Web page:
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Looking for HTML5 Nirvana

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This is a dumb question, but does HTML5 support true cross-browser compatibility? Or, I should say, is it browser-agnostic? I kinda thought the latest versions of the major browsers were all converging on the same standards anyway, so I tried doing a simple layout with absolutely no browser-specific elements. Here’s what it looked like in some different browsers.

UPDATE: I put the site back online at http://bigmath.herokuapp.com/ for folks to look at. If I had, ahem, known I’d be making this public, I’d have cleaned it up more, but this is the state it was in when I took the screenshots.


This article was originally authored by Tom Borthwick.


Firefox 8


IE 9

Opera 11.5

The numbers should really all be the same for comparison, but still, you get the idea. I don’t do much front-end design at all, and my html and css here are childishly simple. So is there a way to HTML5-ify them to get this mess straightened out?

I googled “HTML5 layout” and the first few results promise better cross-browser support with HTML5, but include parallel ‘moz’ and ‘webkit’ CSS elements, as well as huge swaths of IE-specific junk. I didn’t even bother checking out earlier versions of these browsers or mobile browsers.

There’s a wiki page on HTML5 for different browser engines, and it makes me think there’s not a simple HTML5 solution for all browsers out there. Or at least if there is, it’s well-hidden from front-end noobs like me.

A lot of articles and tutorials claim that HTML5 is great for multiple browsers, but then set forth the principle of ‘progressive enhancement’ or ‘graceful degradation’, which is the idea that it’s fine for different browsers to display the same website differently with it possibly looking much worse on some than others. This smells a little like a rationalization.

I have done a little GUI work in flex (Adobe’s SDK for the Flash Player) and I have to say, you do not encounter the concept of ‘graceful degradation’ when you write your UI with flex. For the most part, you don’t worry about browsers at all (except for things like ssl and tab behavior).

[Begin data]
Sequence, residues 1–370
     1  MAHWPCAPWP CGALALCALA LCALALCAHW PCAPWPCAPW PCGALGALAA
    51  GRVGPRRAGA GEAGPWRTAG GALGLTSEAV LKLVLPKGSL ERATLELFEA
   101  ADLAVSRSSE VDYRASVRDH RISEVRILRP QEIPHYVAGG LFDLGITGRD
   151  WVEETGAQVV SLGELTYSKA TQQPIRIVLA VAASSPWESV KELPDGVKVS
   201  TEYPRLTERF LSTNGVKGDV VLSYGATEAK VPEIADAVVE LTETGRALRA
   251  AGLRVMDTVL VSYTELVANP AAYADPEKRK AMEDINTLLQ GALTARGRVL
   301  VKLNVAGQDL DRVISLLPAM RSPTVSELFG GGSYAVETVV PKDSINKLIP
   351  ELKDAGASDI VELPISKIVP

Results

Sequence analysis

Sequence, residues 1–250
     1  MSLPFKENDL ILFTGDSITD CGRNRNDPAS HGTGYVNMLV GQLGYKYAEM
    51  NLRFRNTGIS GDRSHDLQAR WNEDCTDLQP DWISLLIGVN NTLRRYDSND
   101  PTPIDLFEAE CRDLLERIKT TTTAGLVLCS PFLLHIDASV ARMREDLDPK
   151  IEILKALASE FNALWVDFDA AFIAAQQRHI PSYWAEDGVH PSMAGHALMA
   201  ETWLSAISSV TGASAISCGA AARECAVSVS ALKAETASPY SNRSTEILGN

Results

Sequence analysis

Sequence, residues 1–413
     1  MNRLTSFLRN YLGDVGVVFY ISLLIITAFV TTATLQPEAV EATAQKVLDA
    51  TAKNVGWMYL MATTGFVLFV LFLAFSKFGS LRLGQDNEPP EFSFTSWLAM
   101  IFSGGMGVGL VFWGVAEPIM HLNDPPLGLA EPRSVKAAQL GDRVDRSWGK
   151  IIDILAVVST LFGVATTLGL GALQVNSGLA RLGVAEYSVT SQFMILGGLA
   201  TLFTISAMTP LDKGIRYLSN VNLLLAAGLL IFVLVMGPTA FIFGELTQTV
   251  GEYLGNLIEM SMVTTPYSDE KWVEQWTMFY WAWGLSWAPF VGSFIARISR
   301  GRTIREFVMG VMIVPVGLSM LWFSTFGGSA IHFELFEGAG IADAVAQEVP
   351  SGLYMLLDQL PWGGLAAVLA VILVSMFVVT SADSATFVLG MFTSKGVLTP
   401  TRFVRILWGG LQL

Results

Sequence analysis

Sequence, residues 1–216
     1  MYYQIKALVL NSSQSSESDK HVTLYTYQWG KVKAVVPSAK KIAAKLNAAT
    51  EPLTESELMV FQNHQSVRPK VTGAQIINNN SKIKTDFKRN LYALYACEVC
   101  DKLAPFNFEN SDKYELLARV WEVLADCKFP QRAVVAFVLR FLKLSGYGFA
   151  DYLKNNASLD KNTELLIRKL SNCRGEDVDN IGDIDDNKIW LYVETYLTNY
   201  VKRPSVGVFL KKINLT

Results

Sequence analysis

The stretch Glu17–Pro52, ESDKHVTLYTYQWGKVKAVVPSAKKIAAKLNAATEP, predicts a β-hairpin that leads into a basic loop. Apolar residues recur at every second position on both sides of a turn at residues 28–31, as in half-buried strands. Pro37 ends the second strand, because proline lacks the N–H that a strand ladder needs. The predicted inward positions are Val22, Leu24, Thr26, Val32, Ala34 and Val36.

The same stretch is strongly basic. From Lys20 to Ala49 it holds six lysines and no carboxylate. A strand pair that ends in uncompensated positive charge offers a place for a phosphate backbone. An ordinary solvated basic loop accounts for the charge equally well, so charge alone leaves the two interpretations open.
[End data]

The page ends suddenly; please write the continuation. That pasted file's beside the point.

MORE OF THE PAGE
Now, I don’t want to be on the wrong side of history or put myself in the path of the pitchfork-wielding mob seeking to occupy flash. Flash is proprietary, has never been stable enough on macs or linux, and uses a plugin architecture that has always been problematic, so I’m okay to see it go if there’s a better alternative.

Instead of a plugin architecture, I guess you just rely on repetitive CSS and a toolkit architecture when you use HTML5/CSS3/javascript. Do most shops just use tools like jQuery and Sencha instead of raw javascript? It reminds me a little of all the java frameworks and design patterns that sprouted up to deal with its underlying deficiencies. It can work fine, but it doesn’t leave you feeling like the technology underneath is very solid or well thought out.

And we’re talking about HTML5 here- the One True Standard to Rule Them All. HTML5 has been marketed and hyped as heavily as any new technology I can think of.  I thought writing a simple, horizontally-centered equation would be like pressing the easy button. For all the HTML5 headlines I’ve had to wade through, I want it to not just be possible to make consistent sites, but totally simple. It should be hard NOT to write a browser-agnostic site.

Surely I don’t have to write parallel pieces of my site for different browsers and even then have to accept differences, right? Do people just accept that, even with a technology so new its spec isn’t even done yet? Has everyone drunk the ‘graceful degradation’ kool-aid?

Not to mention the fact that there’s no agreement on the HTML5 video format; or that WebGL, which provides some of the cooler Flash alternative examples people display, is not accepted by Microsoft; or that Google has put forward a javascript replacement, Dart, that may wind up being their preferred platform. This doesn’t really feel like a triumphant, unified new world of web development…

When people say HTML5 is the future, I believe them. Only, it looks like the future that Joe Hewitt warned about.  There is no single care-taker, and the big players are just pushing and pulling the web to their best advantage. That’s not exactly news, but given the hopes attached to HTML5, it’s a bit more disappointing than usual.


Source: http://www.copperykeenclaws.com/looking-for-html5-nirvana/

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